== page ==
The Sims 4 has long been promoted as a life simulation game. However, the game’s developers often receive criticism from its players for its lack of realism and cultural diversity. The argument is that the game is inherently an American/European simulation game and other cultures are excluded. This exclusion effects everything from properly textured skin tones, clothing, objects, architectural structures, to actual worlds the Sims can live in.
The game currently features worlds that are made up of small dusty towns, beaches, urban/suburban cities, alien landscapes and a jungle, potentially the current game’s most culturally diverse location to date. The jungle, from the game pack The Sims 4: Jungle Adventures, is a pack that features a unique world called Selvadorada and is possibly based on El Salvador in Central America, due to the available clothing, objects and architectural structures indicating an Aztec or Mayan influence, according to The Sims 4 Wiki. While the game pack even gives your Sims the unique Selvadoradian culture skill (which you can build up as you learn about the world’s food, people and history), the world is not a livable one — Sims can only visit as tourists.
A Snowy Escape
The Sims 4 team recently announced that a new expansion pack was on the way, making it the game’s fifth release of the year, the 10th expansion pack and 36th DLC to date. EA Games frequently releases stuff packs, game packs and expansion packs throughout the year, as well as patches to optimize the game for even more additions. The game also features frequent updates that add culturally diverse architectural items, furniture sets and clothing to the game, but they never amount to an actual game expansion or full pack.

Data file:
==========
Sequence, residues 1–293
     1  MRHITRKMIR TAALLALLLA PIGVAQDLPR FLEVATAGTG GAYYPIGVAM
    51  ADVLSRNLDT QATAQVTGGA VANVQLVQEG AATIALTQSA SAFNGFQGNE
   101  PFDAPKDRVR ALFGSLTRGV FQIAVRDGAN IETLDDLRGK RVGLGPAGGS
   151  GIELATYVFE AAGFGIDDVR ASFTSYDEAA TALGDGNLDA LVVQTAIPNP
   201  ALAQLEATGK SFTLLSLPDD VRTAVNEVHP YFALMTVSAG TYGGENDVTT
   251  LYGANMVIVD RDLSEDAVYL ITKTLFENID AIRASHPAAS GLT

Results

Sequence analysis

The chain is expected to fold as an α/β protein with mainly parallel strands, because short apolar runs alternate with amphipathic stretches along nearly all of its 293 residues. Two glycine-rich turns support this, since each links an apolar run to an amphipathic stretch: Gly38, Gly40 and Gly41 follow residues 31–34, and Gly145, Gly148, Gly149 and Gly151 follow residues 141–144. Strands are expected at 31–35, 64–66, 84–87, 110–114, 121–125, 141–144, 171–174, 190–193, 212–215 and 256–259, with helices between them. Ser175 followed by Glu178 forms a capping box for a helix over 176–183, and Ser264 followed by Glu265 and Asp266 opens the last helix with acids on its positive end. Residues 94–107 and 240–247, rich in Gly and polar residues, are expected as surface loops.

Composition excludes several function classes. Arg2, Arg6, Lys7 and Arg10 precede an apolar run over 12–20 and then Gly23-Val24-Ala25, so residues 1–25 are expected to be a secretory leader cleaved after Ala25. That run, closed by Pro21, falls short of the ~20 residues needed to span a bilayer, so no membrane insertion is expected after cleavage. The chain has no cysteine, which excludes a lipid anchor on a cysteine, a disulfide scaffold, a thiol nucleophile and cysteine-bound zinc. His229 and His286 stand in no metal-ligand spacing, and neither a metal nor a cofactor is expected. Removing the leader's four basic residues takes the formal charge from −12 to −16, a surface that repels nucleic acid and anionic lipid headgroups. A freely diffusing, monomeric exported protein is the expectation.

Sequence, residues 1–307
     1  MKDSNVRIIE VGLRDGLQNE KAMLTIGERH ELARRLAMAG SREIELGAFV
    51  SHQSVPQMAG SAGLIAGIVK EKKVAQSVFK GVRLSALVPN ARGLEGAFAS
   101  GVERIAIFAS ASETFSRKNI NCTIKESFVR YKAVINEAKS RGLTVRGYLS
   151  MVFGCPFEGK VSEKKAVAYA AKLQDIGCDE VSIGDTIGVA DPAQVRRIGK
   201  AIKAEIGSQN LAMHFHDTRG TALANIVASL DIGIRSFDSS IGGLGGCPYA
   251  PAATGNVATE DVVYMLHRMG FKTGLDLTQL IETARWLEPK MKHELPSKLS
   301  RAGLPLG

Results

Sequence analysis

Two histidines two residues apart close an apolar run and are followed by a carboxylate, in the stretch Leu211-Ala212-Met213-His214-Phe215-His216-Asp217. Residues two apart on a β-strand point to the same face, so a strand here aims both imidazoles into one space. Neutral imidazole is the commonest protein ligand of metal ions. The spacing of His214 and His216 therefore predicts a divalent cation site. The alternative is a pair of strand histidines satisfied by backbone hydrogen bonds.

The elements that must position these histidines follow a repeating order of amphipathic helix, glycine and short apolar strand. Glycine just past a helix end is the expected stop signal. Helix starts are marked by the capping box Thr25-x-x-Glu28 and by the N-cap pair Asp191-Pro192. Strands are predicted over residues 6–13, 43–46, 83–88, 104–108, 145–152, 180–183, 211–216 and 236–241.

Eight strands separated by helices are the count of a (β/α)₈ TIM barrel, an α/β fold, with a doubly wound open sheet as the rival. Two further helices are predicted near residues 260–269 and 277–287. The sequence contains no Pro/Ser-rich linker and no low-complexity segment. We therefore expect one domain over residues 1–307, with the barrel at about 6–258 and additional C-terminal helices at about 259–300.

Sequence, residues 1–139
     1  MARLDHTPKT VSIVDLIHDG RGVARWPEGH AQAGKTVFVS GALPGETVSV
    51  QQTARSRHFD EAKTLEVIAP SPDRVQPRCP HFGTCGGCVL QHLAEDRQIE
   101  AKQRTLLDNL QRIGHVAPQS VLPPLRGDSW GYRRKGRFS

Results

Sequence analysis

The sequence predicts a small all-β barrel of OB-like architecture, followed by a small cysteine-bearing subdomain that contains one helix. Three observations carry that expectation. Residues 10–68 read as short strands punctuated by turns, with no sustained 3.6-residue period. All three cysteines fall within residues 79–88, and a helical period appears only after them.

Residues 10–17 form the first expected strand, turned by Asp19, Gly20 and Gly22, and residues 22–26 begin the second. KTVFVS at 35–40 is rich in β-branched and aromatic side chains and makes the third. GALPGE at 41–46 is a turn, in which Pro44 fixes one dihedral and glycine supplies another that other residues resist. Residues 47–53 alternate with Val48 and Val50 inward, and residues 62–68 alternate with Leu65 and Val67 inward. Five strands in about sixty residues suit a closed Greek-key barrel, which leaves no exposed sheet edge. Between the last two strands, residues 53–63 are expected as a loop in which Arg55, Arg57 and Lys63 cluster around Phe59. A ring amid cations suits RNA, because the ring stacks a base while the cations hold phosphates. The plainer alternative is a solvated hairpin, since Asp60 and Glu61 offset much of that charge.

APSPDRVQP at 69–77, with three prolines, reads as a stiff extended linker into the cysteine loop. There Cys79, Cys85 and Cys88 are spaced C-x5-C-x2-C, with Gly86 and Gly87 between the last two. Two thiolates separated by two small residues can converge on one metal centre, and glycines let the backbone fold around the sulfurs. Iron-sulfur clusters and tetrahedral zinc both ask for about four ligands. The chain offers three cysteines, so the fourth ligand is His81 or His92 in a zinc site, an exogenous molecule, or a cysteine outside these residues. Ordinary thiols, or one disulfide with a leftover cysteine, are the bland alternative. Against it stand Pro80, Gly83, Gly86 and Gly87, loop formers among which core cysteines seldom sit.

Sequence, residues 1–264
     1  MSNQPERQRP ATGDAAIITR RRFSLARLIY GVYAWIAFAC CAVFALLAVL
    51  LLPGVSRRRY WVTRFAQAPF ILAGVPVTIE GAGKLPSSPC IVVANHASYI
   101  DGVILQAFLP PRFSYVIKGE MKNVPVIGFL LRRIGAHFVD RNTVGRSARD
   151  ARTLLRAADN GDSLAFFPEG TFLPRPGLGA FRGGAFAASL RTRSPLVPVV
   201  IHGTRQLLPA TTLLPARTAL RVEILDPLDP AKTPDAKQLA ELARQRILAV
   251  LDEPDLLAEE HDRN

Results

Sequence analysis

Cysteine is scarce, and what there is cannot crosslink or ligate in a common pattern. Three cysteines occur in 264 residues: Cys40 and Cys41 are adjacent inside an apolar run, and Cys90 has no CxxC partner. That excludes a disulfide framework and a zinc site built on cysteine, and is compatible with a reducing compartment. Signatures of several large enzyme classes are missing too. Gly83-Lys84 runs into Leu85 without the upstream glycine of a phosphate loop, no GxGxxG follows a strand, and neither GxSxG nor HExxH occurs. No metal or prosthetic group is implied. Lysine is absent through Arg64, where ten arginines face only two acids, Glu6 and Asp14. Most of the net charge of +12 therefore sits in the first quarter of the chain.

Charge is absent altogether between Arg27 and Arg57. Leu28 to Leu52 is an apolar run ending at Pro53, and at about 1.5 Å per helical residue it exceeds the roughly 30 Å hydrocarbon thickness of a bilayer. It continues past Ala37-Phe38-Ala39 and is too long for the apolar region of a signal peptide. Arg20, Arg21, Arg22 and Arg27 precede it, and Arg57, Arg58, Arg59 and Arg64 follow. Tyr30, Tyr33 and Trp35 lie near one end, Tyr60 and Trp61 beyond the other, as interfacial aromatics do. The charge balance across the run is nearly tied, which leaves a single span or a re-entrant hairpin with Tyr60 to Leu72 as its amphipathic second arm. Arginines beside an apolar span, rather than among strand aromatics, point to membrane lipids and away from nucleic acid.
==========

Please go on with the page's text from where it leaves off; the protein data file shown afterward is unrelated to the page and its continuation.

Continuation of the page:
The upcoming expansion pack called The Sims 4: A Snowy Escape released a trailer on October 20. The new world is perfect for sledding, snowboarding and other adventures, including visiting and even living in the new world. What makes this world culturally diverse is that it includes the Japanese culture, not yet explored in the current Sims franchise.
Even though the game has only just announced a pack promising to allow Sims to explore and live in this world, players have been downloading mods and custom content to include these culturally diverse settings for years. Mods, or modifications, are changes to a game’s code that allow for different or “modified” gameplay, whereas custom content gives players new objects to download such as furniture, structural items, clothing, skintones and makeup not actually available in-game or from EA. Mods and custom content can be downloaded from third-party websites such as The Sims Resource, ModtheSims and various Patreons that are dedicated to the game and the items players create.
Addressing Cultural Diversity